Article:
Hassan said that his father’s family in Sudan has been almost “wiped out”.
Hassan’s father was killed in Sudan in 2003 when he joined the rebellion against what was happening there. And one of his older brothers, he said, was slaughtered at his own wedding. When I asked him about other family, his eyes welled up.
“We lost so many, I can’t count them. More than three hundred.”
I must have looked shocked by this. By family, Hassan said, he meant that the number also included all the members of the extended families of his parents who had been killed, distant relatives. If this number sounds incredible, almost unbelievable, one only has to read the international reports coming out of Sudan to realize the scope, scale and magnitude of the atrocities there. Hassan said that his father’s family in Sudan has been almost “wiped out”.
What Hassan experienced as a child might have broken many people. He somehow found the internal will and tenacity to move ahead with his life. According to Nietzsche: ‘That which does not kill us, makes us stronger.’ The phrase has been long debated as to the German philosopher’s intended meaning. In Hassan’s case, it has the ring of literal truth.
When Hassan reached Uganda as a refugee from Sudan in 2007 he did not speak a word of English.
“We learned English in Uganda, from abc to z. There were schools there for the United Nations. And I also went to a Christian school.”
Today he is studying at Carleton University, with the intent to get a degree in leadership and organization management. He is firmly focused on the way ahead, but it would be a mistake to believe that he has put the events of his childhood completely behind him. When I asked him about what he sees as his future he was at first pensive, then he articulated a vision and strategy that he is working toward for the long term.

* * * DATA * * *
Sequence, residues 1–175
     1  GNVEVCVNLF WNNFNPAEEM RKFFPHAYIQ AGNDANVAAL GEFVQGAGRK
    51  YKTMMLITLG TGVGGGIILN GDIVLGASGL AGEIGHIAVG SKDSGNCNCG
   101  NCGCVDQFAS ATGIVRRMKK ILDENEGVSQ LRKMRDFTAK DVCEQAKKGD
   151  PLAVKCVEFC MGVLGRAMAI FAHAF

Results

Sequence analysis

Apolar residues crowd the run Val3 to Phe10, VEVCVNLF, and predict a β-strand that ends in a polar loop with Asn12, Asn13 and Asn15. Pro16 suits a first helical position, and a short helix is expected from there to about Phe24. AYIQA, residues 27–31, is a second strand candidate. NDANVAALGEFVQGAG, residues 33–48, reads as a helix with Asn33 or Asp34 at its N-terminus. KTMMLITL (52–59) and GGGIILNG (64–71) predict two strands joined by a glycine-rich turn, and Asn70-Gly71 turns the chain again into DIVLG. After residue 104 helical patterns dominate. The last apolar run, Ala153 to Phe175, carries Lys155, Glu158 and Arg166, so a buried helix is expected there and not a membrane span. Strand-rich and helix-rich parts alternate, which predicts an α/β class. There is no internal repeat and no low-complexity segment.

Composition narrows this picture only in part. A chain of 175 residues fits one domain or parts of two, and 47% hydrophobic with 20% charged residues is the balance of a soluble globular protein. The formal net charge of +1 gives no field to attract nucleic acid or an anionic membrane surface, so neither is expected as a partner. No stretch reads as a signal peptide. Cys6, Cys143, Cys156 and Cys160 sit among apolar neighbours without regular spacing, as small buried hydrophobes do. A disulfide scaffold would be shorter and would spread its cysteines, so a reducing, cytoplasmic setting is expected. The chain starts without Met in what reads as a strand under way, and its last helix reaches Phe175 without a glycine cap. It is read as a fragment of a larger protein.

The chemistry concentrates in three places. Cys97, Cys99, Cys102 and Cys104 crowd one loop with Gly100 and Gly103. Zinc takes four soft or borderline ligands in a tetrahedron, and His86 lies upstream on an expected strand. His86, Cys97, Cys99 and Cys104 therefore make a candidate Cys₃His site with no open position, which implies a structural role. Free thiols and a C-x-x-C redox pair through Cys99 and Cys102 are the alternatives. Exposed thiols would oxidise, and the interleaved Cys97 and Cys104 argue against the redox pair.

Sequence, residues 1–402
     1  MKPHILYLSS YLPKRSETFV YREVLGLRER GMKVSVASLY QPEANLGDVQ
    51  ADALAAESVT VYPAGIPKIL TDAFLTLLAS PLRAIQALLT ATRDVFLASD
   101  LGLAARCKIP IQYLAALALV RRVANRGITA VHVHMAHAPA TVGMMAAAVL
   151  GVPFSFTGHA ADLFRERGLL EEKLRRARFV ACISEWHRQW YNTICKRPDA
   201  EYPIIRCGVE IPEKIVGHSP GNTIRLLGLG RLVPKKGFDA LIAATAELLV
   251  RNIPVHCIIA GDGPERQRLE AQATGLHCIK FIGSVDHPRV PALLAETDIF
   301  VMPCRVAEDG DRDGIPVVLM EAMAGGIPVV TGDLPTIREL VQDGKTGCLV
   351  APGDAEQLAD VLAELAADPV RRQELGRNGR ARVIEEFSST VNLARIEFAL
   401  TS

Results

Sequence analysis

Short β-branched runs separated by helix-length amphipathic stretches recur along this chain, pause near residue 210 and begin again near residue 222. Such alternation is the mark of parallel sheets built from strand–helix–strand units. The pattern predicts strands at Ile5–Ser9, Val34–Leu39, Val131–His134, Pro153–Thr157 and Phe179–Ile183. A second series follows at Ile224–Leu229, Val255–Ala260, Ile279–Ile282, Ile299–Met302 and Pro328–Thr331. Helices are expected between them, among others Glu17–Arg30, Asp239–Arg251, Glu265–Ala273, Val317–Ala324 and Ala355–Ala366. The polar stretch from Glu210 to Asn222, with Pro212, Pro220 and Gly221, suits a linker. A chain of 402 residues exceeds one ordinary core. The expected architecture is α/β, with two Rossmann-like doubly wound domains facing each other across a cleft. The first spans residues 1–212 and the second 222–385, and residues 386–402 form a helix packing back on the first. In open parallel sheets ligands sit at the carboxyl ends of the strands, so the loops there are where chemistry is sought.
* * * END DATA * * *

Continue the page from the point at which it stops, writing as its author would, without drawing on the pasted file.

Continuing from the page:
“If I were to go to back to Sudan today, I would be arrested. Not only arrested, but worse.”
“I am proud to be a part of Canada. But I have a goal. I need to see my country, Sudan, at peace and see stability there. And I need to see justice done there for what is happening now and what happened in the past.”
He is also cognizant of the need to complete his education and of the resources that he will need to carry out his plan.
“When I left Sudan, I had no clue of what education was all about. I couldn’t even write my name. I want to help bring change to the Sudan. But you can’t go back when you are a poor person. I can’t go back there without knowledge and I can’t go back with empty hands.”
Besides his engagement with the One Young World organization, Hassan is also involved with an international group called Darfur Educates Abroad Organization (DEAO) that is working toward helping right the wrongs in Sudan, those both past and present.